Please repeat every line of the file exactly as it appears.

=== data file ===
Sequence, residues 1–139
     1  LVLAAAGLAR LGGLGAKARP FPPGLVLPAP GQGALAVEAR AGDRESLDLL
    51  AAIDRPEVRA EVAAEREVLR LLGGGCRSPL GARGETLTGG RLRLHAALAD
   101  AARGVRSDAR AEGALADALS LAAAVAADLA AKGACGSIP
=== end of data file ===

Sequence, residues 1–139
     1  LVLAAAGLAR LGGLGAKARP FPPGLVLPAP GQGALAVEAR AGDRESLDLL
    51  AAIDRPEVRA EVAAEREVLR LLGGGCRSPL GARGETLTGG RLRLHAALAD
   101  AARGVRSDAR AEGALADALS LAAAVAADLA AKGACGSIP